Tuesday, October 18, 2011

Metal: A Headbanger's Journey (2005)

I watched the documentary Metal: A Headbanger's Journey quite a few months ago, and wrote this review. It was left in draft status and got buried, but I just now dug it up.

The movie presents a sociological analysis of many aspects of heavy metal music in a compelling way. It was made in 2005, but it hasn't lost its relevance.

Metal - A Headbanger's JourneyThe film was created by one Sam Dunn, who became a metal fan at the age of 12 (in the 1980's) and went on to study anthropology. Being told from the perspective of a metalhead is essential to the subject matter, because, as he notes in the film, other people don't understand it. But his anthropological background also gives him the ability to approach the topic in a mostly neutral manner as he addresses the history, fans, and culture of heavy metal, as well as several areas of controversy (religion, sex and gender, and censorship).

Interviewees include a number of experts as well as record label reps and an all-star list of metal elite: Tony Iommi, Ronnie James Dio, Lemmy Kilmister, Bruce Dickinson, Alice Cooper, Geddy Lee, Dee Snider, Tom Araya and Kerry King, Rob Zombie, Ihsahn, Gaahl, Corey Taylor and Joey Jordison, Angela Gossow, and many more. Every one of them would impress a viewer with their intelligence and insight, and they provide a good, all-around view of the topics at hand. It's always struck me that shock rockers are the ones who come off as being the most intelligent, as Alice Cooper and Dee Snider are two very well-spoken people.

Metal: A Headbanger's JourneyThe film lives up to the quality of the guest list. The narration is clear, and would allow even the uninitiated to understand what's going on. It also includes a few key insights, notably the conclusion that metal is often maligned because it addresses the things society would rather ignore. The flow of the film works well, as each subject leads into the next. The camera work is excellent for a documentary, and there is also a good deal of vintage footage. And, importantly, it has an excellent soundtrack with everything from Blue Cheer to Cannibal Corpse.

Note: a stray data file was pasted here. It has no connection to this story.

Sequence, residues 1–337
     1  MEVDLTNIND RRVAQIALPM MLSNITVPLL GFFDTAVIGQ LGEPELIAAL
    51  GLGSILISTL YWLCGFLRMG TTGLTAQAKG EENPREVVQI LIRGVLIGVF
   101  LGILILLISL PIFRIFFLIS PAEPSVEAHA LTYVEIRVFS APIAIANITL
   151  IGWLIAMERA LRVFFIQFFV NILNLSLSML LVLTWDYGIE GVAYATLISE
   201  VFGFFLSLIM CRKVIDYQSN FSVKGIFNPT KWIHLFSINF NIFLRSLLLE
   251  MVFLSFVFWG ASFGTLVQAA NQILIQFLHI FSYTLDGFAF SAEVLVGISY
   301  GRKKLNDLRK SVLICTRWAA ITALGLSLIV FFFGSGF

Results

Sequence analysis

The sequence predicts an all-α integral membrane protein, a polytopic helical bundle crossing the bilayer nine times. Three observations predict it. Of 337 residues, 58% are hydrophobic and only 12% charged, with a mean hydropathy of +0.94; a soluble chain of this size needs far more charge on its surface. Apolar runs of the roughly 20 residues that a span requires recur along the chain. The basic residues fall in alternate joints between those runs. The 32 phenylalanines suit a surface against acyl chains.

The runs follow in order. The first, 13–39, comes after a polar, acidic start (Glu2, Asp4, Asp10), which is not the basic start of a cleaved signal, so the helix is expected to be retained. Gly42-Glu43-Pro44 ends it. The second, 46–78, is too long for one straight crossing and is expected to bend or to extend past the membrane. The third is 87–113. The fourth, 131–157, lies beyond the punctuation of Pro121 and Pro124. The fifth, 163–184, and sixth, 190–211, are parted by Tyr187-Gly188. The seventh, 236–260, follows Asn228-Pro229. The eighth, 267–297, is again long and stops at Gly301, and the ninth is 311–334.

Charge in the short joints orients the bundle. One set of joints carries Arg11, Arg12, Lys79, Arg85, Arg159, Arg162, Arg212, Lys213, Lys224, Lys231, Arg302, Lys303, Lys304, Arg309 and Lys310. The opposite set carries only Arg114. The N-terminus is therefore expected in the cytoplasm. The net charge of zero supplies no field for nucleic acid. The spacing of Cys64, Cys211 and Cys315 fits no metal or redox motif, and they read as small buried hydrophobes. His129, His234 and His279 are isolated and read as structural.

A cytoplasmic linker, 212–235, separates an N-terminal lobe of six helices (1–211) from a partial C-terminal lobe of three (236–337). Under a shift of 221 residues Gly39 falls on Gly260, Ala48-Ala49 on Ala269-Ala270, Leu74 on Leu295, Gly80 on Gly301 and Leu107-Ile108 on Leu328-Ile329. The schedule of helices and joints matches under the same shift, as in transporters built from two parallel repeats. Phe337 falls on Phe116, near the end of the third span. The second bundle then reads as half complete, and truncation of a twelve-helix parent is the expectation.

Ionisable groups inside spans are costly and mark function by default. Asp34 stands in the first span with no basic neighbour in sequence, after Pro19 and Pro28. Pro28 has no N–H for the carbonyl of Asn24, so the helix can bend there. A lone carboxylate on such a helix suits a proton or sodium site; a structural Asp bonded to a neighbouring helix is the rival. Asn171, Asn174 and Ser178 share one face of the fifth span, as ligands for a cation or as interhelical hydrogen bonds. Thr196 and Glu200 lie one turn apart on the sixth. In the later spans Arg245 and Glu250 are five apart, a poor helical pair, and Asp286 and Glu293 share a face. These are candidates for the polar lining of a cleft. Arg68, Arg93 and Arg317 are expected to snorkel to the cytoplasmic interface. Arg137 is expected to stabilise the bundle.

I do have a few complaints. He never once mentions doom metal or sludge metal, even when he purports to provide a complete picture. And although the discussion on religion is quite good--leaving the viewer with the impression most of the anti-religionist sentiment in the music is theatrical rather than serious--he doesn't even mention the fact there are Christian metal bands out there.

The Verdict: This is essential viewing for anyone who is interested in the genre. It is excellently produced and directed, and presented from a passionate but scholarly viewpoint. I give it 4.5 out of 5 stars.


  1. It's funny, most people I've talked to had a relatively negative opinion of M:AHJ, (most seemed miffed that he didn't dwell longer on their favorite niche) but personally I really enjoyed it. I wish I owned a copy.

  2. I actually enjoyed it too. It was not without its faults, but it was an interesting film. I think it is particularly good viewing material for someone who is just getting in to the scene or, in my case, I showed it to my wife so that she could better understand the metal culture.